Consider robots that assist children with autism in learning social skills. Software that allows deaf students to have a more fluid and participatory learning experience. Data analysis to establish the most effective approaches for detecting dyslexia.
These artificial intelligence-based solutions attempt to improve the detection, teaching, and assistance of people with learning difficulties. Some have already been implemented in schools, while others are still in the research stage.
Social robots, which are designed to interact with humans, can assist students of all abilities, including those with attention deficit hyperactivity disorder, hearing impairments, Down syndrome, and autism, in learning social and educational skills.
Because of their overwhelming numbers, children on the autism spectrum require special attention. According to the Centers for Disease Control and Prevention, one out of every 54 children is diagnosed with autism.
Robots have been shown to increase scholastic and social abilities in studies, but more research is needed to figure out how to make these gains stick and translate to the real world.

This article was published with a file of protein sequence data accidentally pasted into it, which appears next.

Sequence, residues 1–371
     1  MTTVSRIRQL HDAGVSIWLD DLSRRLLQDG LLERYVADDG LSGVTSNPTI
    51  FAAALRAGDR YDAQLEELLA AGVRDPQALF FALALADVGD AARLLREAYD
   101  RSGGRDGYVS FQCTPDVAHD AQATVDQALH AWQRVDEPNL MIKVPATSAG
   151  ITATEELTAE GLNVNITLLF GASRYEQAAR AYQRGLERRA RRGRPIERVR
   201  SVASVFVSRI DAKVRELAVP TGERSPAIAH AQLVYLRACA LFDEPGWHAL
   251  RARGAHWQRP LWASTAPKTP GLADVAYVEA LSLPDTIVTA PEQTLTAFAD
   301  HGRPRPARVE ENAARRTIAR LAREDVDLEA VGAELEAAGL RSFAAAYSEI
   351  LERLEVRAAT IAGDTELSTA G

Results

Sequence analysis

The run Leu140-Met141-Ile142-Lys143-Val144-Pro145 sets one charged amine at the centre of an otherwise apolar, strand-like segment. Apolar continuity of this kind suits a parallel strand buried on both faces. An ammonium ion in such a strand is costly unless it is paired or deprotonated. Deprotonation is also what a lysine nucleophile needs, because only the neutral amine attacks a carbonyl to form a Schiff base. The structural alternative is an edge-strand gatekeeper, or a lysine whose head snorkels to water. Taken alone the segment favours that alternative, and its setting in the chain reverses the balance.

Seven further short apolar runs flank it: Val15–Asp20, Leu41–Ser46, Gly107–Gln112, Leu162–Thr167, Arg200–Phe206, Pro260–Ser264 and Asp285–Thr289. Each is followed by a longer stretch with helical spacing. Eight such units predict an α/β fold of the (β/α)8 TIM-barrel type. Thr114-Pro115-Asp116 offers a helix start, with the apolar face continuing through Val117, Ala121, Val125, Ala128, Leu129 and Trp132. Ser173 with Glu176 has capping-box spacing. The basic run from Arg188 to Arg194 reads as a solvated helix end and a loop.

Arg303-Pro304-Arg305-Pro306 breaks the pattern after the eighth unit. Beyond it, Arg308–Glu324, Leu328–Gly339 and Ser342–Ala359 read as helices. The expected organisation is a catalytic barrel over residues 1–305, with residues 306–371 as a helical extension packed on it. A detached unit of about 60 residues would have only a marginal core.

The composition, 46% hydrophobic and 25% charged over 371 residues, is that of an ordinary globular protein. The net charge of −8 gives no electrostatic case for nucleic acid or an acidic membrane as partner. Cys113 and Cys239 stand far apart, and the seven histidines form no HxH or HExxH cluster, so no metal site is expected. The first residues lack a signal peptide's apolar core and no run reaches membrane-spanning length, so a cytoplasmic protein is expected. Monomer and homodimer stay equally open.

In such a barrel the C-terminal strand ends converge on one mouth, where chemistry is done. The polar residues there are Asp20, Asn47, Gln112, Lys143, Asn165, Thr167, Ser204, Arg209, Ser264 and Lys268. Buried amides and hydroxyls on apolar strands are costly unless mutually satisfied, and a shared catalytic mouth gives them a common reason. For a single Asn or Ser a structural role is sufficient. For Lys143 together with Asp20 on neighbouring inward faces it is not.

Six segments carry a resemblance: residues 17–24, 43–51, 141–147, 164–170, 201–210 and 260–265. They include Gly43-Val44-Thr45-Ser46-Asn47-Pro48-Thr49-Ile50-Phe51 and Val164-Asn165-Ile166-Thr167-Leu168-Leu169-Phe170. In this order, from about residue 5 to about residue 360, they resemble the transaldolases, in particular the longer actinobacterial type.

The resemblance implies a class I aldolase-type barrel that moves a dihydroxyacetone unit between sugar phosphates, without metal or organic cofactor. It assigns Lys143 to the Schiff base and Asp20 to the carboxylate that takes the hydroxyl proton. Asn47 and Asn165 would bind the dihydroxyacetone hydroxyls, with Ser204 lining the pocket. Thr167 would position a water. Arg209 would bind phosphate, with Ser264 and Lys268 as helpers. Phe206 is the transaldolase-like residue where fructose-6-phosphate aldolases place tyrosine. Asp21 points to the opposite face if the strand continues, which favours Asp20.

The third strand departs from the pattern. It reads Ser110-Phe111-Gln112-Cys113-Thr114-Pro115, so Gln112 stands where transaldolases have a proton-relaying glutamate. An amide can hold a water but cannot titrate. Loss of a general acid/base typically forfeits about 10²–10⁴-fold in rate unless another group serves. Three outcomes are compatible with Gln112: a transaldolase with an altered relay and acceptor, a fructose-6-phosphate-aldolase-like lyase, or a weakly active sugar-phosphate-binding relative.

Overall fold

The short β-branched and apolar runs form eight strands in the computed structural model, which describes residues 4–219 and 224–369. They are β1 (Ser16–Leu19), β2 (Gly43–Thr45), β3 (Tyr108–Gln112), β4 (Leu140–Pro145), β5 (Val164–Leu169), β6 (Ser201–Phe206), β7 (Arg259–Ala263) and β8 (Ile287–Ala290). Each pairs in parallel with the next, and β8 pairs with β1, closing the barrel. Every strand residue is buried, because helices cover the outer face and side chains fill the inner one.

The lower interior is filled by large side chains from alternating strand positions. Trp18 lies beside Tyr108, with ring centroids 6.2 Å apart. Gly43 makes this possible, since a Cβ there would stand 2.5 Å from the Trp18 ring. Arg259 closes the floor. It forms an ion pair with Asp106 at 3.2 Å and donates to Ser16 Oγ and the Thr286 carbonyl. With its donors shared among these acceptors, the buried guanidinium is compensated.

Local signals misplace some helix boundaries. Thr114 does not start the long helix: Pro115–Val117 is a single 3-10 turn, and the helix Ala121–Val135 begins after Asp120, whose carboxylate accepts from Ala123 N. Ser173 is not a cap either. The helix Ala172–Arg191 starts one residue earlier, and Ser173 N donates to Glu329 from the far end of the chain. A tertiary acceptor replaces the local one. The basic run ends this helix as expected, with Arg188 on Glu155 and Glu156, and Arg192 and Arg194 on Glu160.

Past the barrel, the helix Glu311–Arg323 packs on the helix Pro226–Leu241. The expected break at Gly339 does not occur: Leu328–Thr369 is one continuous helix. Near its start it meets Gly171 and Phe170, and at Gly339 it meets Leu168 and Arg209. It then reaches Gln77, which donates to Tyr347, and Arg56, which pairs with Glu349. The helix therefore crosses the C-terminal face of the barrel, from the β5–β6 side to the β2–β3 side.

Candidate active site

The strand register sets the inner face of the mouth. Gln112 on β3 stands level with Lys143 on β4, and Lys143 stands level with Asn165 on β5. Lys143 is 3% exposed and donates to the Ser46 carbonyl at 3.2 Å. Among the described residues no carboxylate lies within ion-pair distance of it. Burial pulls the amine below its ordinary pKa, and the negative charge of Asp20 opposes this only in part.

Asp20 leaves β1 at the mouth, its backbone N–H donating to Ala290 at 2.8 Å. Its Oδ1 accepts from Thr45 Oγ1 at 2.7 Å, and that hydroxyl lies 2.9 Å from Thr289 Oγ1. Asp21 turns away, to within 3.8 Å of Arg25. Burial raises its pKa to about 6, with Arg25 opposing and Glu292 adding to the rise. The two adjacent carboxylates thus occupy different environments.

What role does artificial intelligence play in this? Technology has progressed, but so has research into how perceptions are created, how individuals may infer feelings and thoughts from one another, and what constitutes emotional intelligence. These discoveries can be turned into algorithms that allow robots to understand speech, gestures, and complicated verbal and nonverbal clues, as well as learn from their mistakes.
The ability of A.I. to recognise patterns in massive volumes of data to better diagnose and classify particular disabilities is a fundamental use of technology in special education.
Take, for example, dyslexia. Reading difficulties are common in people with the disorder because they have issues connecting the letters and words on the page to the sounds they represent. By 2020, 47 states will have mandated that pupils be tested for dyslexia in early elementary school. However, there is no tool expressly intended for this, and dyslexia is frequently misdiagnosed – or altogether missing.